The Free Speech Machine is made to be customized – each organization can use its own prompts to invite soapbox speeches and each participant adds the content – but all of the Ready Go projects are open to some adaptation.
Thompson recently used the Mobile Sign Shop in a way he hadn’t considered before. The tool was initially inspired by Midwestern cabin signs. Around lakes in northern Minnesota, it’s common to see handmade signs at forks in the road, pointing out the cabins in the area by their owners’ last names. The idea behind the Mobile Sign Shop was to bring cabin signs to the city, encouraging people to identify themselves and claim ownership of their neighborhoods.
Participants can trace their names on the wooden signs, and then the artist facilitating the project will carve out the letters using a router. Once the signs are carved, the local residents can paint and decorate their signs. When Thompson has led the Mobile Sign Shop project in Minneapolis, the completed signs are displayed publicly on a pole, just as they are for lakeside cabins.
In 2015, the Mobile Sign Shop found a new purpose in a project with Hennepin County’s Midtown Community Works program. Midtown Community Works partners with organizations and government entities around the Midtown Greenway in Minneapolis, improving the Greenway for the cyclists and pedestrians who use it and working to stimulate economic growth along the route.
One area that the program had been struggling to fully develop was a plot of land called the Cepro Greenspace, a former site of grain elevators. The space has a lot of potential: Though all entrances onto the Greenway must comply with the Americans With Disabilities Act, the Cepro space has the only entrance that’s completely optimized for universal access. From the county’s perspective, says Midtown Community Works Program Manager Lisa Middag, the space is a blank slate just waiting for the neighborhood to take advantage of it.
But activating and maintaining the site has been difficult, Middag explains. Cepro is not overseen by the city’s parks and recreation department, but is owned by the county, which does not typically manage green spaces. Local residents have been dissatisfied with the lack of regular upkeep, and many people have come to see Cepro as neglected and even unsafe.
“There was a bit of a fractured relationship that had developed around this specific location, so we were really trying to change that conversation with the community,” Middag says.
In May of 2015, the Community Works program got an opportunity through the Saint Paul Riverfront Corporation’s placemaking residency, which brings national thought leaders to the Twin Cities. The Cepro Greenspace was selected to host an urban design firm called Gehl Studios for a community workshop and youth activities around improving the site.
To make sure that the park would be busy and full of people during the workshop, and to offer an engaging, family-friendly alternative, the planning team turned to Ready Go. Middag sits on the board of Springboard for the Arts, so she was familiar with the roster of tools and thought there was potential to use the Mobile Sign Shop.
Rather than creating signs with their names, however, participants would be asked to call out what they wanted to see in the Cepro Greenspace. Once the signs were carved, they could be attached to stakes and driven into the ground right away, physically mapping out residents’ vision for the space in real time.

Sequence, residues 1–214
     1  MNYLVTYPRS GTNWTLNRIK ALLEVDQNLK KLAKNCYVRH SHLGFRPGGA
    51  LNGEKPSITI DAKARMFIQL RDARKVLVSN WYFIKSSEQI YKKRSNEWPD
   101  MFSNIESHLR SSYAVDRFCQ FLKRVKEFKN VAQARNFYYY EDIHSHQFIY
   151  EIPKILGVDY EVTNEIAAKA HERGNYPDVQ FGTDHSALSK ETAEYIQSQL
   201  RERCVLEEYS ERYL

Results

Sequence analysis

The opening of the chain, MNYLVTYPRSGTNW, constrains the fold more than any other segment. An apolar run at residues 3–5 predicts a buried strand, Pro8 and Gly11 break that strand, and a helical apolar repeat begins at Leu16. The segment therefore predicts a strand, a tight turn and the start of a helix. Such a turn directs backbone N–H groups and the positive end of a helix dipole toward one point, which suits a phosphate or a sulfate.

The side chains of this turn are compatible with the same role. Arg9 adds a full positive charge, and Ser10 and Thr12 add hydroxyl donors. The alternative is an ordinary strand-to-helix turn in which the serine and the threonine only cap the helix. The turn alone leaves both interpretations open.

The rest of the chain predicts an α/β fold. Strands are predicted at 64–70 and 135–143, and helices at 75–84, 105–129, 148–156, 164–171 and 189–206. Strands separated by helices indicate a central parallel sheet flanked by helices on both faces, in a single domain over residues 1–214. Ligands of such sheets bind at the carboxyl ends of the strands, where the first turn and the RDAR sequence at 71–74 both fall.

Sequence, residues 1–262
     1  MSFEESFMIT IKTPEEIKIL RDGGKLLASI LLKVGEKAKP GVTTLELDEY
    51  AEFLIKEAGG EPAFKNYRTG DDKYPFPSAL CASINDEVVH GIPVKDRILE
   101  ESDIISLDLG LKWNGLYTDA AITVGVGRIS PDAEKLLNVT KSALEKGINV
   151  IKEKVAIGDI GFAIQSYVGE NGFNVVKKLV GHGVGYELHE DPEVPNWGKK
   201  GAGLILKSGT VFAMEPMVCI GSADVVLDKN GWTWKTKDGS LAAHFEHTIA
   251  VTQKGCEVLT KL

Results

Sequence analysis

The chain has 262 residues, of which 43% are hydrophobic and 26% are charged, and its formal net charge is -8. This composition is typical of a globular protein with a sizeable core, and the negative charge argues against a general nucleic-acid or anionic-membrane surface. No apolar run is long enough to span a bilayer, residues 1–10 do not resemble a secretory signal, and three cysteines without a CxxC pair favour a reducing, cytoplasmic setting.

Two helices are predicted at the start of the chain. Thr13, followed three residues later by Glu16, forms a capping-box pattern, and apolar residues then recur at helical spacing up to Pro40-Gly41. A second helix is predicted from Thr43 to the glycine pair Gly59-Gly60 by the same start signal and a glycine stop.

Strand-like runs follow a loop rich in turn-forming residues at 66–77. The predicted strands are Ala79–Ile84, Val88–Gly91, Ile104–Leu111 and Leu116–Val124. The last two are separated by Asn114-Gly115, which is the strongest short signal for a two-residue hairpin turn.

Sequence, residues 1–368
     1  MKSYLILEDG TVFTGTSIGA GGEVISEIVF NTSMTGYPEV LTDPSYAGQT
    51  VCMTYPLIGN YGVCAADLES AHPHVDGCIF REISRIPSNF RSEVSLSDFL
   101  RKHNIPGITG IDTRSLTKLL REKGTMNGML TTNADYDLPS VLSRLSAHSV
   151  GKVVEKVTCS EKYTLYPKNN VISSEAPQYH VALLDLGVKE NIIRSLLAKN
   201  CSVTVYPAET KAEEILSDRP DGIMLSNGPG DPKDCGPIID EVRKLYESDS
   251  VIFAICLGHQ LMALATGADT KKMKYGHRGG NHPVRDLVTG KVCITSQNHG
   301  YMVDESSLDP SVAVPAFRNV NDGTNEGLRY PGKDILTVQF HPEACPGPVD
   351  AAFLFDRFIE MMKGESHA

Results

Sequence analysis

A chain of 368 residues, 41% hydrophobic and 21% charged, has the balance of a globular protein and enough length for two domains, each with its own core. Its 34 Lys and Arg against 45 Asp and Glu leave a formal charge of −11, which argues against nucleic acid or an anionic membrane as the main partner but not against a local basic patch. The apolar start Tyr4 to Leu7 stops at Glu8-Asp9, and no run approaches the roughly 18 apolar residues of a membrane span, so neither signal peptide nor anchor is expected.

“By the end of the day, we had something like 40 or 50 signs dispersed throughout the site that said, ‘I want flowers here,’ ‘I want a bicycle pump here,’ ‘birds,’ ‘ice cream stand,’ ‘puppy park,’ ‘playground,’ ‘water fountain,’” says Middag. Translators were available on site for people to create signs in Spanish as well.
The signs stayed up for several days after the event, so that more people could see them and envision additions to the space. Later in the summer, Midtown Community Works started to put those ideas into action: a bike pump and repair station, colorful paint and directional signs on the ground, more seating and shade, and new placemaking activities.
Middag now praises artist-created mobile tools as a cost-effective way for government agencies and other organizations to build direct connections with community members.
“Even just that invitation [to participate] sets the stage for a different kind of relationship,” Middag says. “It’s always going to attract more people, you’re going to have a more diverse audience, you’re going to have a wider age range — all those things we’re all trying to do with our engagement all the time, but this is an easy way to do it.”
For organizations considering hiring an artist through Ready Go, Peter Haakon Thompson says it’s important to be open to discussing ideas with the artist. “I think artists are really good at seeing the ways they could tie their mobile tool into whatever it is the organization is trying to accomplish,” he says.
Ready Go also continues to encourage artists to make and share mobile tools, and has offered workshops on creating mobile projects — everything from the initial concept to the logistics of towing your work.
Thompson’s advice: Make your project stand out, but don’t try to accomplish too many things with a single tool. Keep it simple and easy to understand — like a really big table, or a soapbox and a megaphone — and you’ll be able to adapt.
Monica Sheets has advice for artists hoping to work in the community, too: Be sure you know the goals and audience for the event ahead of time. She remembers bringing the Free Speech Machine to events where many attendees didn’t speak English, and she arranged for Park Plaza to translate the prompts for their event into Spanish in advance. As with all of the Ready Go projects, working in partnership helped both sides reach their full potential to engage the community.